After the formation of the  All India Kayastha Conference  three main aims were identified ( and they hold true even today ), viz., encouraging the Kayastha men and women towards higher education, to eradicate the social evils in the community ( like dowry) and to introduce reforms in marriages and other social customs. The first requirement for all this was unification of  the twelve sub-castes into a strong, consolidated Kayasth Biradri, with all the sub-castes placed equal and bonded in one brotherhood.. One of the resolutions adopted ( perhaps around 1910) for unifying the Kayasthas  was that  inter-marriages amongst the sub-castes, so far not  socially accepted, should be allowed and the offsprings out of such marriages to inherit fully the caste-label of the father, with full dignity. Sessions after sessions of the Conference these aims were repeated, discussed and developed, but remained mostly on paper. Everybody agreed and promised to support and adopt, but in practice nobody  could come out to  dislodge the age-old, firmly set  traditions. The main problem was  that a boy’s parents were willing not to demand dowry provided somebody guarantees that their daughters would also go without demand of dowry. This became a vicious circle. Secondly, there still was reluctance in the Kayastha  mindset   to take a bride from other sub-caste and to include her in the mainstream of the groom’s sub-caste without any reservations or a sense of social guilt.

          

An instance of an arranged marriage came up at Aligarh (U.P) in 1915 when a Mathur boy was married to a Saxena girl, much to some silent gestures of disapproval from the members of the  groom’s sub-caste. A Kayastha leader of that time, one  Babu Sohan Lal,  (later Rai Bahadur) a member of the A.I.Kayastha Conference Working Committee and  belonging to the groom’s sub-caste stood up boldly in support of the alliance and invited the bride and the groom to his house for dinner. He made his own (Mathur) wife and the said (Saxena) bride to eat from the same Thali, thus establishing equality between the sub-castes, and integration of the bride not only in the groom’s household  but in the entire Mathur biradri of the town. In those days sharing one and the same  Thali for food or a  Huqqa for smoking were considered as symbols of equality and brotherhood.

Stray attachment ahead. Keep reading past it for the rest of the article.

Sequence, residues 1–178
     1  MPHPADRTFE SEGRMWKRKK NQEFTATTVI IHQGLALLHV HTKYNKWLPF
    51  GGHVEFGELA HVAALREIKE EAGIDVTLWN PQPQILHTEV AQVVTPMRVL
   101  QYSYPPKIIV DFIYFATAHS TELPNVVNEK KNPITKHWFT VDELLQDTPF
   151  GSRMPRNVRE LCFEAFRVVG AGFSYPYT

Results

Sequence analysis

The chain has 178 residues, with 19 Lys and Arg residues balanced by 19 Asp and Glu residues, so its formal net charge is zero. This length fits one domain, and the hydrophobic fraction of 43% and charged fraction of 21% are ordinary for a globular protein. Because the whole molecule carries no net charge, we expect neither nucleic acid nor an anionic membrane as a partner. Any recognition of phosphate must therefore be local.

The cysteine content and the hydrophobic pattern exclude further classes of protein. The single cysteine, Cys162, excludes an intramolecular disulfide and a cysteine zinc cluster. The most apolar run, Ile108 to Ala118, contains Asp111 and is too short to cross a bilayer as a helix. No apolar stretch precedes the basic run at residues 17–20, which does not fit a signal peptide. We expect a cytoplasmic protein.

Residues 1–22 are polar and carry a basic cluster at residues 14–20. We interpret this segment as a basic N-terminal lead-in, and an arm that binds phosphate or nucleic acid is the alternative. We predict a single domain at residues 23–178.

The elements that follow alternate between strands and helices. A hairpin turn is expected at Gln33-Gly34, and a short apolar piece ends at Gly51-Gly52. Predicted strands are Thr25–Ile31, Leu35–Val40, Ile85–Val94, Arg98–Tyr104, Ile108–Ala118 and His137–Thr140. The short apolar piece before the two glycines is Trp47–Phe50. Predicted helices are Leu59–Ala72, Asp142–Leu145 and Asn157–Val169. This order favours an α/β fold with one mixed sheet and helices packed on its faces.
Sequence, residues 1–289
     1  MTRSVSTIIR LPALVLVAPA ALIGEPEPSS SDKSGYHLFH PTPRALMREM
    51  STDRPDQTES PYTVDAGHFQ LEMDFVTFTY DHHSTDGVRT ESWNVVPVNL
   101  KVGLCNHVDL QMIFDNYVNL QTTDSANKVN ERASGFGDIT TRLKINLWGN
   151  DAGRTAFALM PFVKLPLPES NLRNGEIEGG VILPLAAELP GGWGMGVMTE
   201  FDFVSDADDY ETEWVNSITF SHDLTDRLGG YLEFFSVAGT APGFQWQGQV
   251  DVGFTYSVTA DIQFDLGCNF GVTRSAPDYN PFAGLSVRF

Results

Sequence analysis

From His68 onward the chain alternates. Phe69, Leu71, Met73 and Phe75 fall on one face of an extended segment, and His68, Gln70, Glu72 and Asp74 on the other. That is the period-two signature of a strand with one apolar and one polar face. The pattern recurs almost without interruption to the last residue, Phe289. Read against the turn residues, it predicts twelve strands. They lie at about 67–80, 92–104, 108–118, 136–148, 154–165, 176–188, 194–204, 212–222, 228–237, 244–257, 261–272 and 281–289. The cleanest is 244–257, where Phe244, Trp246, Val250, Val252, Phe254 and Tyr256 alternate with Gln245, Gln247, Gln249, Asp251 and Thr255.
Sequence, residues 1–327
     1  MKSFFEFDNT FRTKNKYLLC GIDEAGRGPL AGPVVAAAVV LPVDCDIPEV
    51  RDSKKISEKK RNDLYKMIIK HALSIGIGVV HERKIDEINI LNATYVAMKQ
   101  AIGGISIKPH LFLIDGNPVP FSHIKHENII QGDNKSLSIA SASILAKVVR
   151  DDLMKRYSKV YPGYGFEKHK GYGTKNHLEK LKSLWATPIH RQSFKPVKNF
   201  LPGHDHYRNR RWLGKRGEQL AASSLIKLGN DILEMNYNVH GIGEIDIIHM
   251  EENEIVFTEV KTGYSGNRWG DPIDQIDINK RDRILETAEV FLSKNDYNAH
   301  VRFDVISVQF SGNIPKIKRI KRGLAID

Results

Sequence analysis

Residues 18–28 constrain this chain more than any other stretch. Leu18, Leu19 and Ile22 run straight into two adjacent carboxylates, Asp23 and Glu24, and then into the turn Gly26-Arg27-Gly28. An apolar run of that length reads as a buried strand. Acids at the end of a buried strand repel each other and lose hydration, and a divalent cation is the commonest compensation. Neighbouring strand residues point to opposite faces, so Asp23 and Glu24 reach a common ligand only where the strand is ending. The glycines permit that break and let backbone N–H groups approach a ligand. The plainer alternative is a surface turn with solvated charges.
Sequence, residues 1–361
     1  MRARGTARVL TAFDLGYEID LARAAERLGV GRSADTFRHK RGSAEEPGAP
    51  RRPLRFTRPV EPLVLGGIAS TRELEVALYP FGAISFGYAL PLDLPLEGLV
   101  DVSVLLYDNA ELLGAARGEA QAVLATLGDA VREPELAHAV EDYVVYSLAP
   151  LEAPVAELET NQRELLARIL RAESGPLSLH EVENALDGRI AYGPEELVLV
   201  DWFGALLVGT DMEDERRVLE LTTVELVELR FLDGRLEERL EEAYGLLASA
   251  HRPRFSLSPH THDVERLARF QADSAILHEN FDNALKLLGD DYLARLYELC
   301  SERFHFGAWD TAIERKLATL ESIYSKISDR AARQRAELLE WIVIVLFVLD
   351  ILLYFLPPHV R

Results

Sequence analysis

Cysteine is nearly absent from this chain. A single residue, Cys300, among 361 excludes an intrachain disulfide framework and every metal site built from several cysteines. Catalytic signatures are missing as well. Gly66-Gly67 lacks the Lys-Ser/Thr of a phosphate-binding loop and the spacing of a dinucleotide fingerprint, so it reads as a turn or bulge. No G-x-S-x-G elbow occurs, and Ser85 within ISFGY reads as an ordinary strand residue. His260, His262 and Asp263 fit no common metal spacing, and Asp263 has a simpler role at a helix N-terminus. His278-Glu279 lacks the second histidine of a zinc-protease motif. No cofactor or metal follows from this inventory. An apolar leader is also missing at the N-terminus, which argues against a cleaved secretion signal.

This was the first trend setting example, in actual practice, after which inter sub-caste marriages amongst  Kayasthas   were taken as acceptable and without any reservations all over the country..                                               

 

                                                                                                                     Krishna Murari                               

                                                                                                em:  murarikm@hotmail.com

                                                                                                            Ph: (022) – 2746 8573

Panvel, (New Mumbai)

December 1, 2005.